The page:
Microsoft has always given Windows users a good deal of control over how their computer uses power, and this is something that continues with Windows 11. 

While managing power consumption may be something that you most readily associate with laptops and a desire to maximize battery life, power options can also play an important role for desktop users.

Desktop user may not have to worry about how long a battery is going to last, but Windows 11's power option remains important. Thankfully, Windows 11 has made it easier than ever to keep track of power consumption, Sleep Mode and detecting what apps are draining your device's battery life.

Focus Assist

(Image credit: Microsoft)

How to us Focus Assist in Windows 11

Do you ever get distracted when you should be doing something important? Your computer is supposed to be a tool to help you get things done. This might mean getting on with work, playing games, watching movies, writing emails, or just browsing the web, but there are all manner of distractions that can pull you away from what you're trying to do. 

If you're sick of being pestered by notifications when you're trying to do something else, you could benefit from Windows 11's Focus assist feature. This is a simple but powerful function of Windows 11 that enables you to configure rules that determine when notifications about new emails, messages and so on are muted.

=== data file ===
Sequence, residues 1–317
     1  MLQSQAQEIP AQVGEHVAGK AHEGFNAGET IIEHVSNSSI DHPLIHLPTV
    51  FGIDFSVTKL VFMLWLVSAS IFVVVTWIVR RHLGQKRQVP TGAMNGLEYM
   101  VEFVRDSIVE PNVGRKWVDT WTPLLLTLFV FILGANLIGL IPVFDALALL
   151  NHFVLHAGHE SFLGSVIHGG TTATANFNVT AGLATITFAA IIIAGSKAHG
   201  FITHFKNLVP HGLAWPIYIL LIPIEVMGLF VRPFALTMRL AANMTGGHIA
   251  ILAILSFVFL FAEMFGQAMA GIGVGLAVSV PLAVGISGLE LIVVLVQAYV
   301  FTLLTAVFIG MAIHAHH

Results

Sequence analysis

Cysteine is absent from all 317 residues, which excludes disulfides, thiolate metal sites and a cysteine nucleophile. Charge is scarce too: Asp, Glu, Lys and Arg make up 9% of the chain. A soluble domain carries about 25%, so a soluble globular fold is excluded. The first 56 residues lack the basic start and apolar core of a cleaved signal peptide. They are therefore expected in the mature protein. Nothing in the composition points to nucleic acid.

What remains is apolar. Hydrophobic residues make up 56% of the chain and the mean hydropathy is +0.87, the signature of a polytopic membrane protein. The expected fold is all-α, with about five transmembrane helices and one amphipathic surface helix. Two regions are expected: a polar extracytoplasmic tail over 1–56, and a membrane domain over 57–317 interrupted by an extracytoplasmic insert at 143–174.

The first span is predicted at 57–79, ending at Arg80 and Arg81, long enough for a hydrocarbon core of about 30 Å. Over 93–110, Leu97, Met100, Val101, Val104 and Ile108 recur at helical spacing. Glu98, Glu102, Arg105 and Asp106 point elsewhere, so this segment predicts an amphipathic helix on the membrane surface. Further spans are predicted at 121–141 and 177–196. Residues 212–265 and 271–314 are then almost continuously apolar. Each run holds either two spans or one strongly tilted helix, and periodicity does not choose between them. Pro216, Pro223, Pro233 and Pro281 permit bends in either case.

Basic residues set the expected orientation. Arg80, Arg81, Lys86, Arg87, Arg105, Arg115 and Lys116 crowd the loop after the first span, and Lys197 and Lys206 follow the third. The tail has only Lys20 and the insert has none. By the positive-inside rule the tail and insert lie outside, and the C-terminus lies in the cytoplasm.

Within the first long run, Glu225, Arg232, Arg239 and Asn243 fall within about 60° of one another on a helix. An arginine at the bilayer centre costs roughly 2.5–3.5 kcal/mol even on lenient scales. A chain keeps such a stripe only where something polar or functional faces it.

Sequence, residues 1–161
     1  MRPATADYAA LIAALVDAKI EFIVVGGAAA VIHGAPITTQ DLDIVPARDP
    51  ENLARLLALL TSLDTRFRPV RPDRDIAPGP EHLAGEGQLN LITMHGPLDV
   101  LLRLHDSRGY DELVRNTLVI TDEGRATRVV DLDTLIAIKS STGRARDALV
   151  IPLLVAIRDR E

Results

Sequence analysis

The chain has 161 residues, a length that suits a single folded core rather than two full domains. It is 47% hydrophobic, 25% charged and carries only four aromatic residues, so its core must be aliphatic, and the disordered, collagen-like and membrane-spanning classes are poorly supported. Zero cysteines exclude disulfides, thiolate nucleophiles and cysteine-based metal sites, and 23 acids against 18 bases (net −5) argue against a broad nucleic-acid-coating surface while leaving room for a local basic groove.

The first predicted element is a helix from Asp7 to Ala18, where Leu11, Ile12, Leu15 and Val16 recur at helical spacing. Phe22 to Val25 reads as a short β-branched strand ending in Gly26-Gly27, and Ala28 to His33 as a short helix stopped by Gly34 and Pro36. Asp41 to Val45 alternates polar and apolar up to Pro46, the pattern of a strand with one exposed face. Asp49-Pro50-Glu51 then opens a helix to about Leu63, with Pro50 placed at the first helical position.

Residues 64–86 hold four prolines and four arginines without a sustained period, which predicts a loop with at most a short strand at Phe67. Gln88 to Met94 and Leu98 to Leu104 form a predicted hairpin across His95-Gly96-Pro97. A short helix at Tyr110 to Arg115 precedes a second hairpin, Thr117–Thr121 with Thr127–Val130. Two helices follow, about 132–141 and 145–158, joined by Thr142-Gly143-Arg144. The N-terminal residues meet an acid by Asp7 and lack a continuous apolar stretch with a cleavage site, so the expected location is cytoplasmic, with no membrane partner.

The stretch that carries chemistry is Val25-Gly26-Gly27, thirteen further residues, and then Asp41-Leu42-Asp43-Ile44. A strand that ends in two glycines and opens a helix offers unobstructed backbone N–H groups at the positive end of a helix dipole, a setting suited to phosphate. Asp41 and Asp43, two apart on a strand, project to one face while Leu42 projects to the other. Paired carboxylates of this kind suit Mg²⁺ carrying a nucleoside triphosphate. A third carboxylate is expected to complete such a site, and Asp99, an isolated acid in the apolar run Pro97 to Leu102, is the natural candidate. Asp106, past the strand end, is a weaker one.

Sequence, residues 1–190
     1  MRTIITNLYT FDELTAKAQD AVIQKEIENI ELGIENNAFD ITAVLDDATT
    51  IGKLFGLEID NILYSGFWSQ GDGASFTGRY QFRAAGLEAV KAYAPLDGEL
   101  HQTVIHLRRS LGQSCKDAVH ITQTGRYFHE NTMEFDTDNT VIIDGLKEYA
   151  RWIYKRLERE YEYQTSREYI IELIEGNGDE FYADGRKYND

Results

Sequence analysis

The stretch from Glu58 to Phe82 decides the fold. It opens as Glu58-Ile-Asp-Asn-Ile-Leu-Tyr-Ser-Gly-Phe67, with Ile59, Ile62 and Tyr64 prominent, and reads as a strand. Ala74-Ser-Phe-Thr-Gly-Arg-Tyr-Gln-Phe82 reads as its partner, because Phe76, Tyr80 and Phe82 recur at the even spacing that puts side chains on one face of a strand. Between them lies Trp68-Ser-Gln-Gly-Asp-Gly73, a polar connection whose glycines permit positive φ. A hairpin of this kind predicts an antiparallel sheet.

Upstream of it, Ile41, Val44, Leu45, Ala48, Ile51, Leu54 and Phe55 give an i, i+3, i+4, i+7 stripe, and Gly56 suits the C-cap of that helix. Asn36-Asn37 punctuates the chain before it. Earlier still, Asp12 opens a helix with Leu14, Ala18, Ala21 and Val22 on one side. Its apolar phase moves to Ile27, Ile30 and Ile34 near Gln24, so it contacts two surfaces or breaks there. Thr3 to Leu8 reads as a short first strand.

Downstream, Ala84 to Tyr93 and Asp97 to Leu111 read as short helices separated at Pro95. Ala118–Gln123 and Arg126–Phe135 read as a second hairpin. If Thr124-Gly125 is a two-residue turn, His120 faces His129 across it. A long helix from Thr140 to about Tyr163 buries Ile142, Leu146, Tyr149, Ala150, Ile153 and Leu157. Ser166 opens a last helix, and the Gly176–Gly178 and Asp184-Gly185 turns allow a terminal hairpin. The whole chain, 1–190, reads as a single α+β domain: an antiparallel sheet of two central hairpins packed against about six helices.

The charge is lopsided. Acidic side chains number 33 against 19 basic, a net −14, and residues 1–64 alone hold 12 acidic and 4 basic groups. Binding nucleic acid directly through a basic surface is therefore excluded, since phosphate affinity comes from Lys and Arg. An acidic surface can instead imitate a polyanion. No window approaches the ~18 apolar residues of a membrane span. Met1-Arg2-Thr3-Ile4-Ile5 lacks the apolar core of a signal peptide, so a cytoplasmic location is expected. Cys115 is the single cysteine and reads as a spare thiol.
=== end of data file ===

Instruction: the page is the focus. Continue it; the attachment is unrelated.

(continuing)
There are many customization options that let you do things like set a schedule, create priority lists and you can even optimize for different monitors if you use multiple displays. 

Windows 11 virtual desktops

(Image credit: Microsoft)

How to use virtual desktops in Windows 11

Windows 11 offers excellent support for virtual desktops, which allow you to use several desktops, and switch between them easily. This allows you to keep organised  by having separate desktops for work and pleasure, for example.

It's a great way to have some of the productivity benefits of multiple monitors, but with a single screen, so check out our guide on how to use virtual desktops in Windows 11 for an in-depth look into this feature.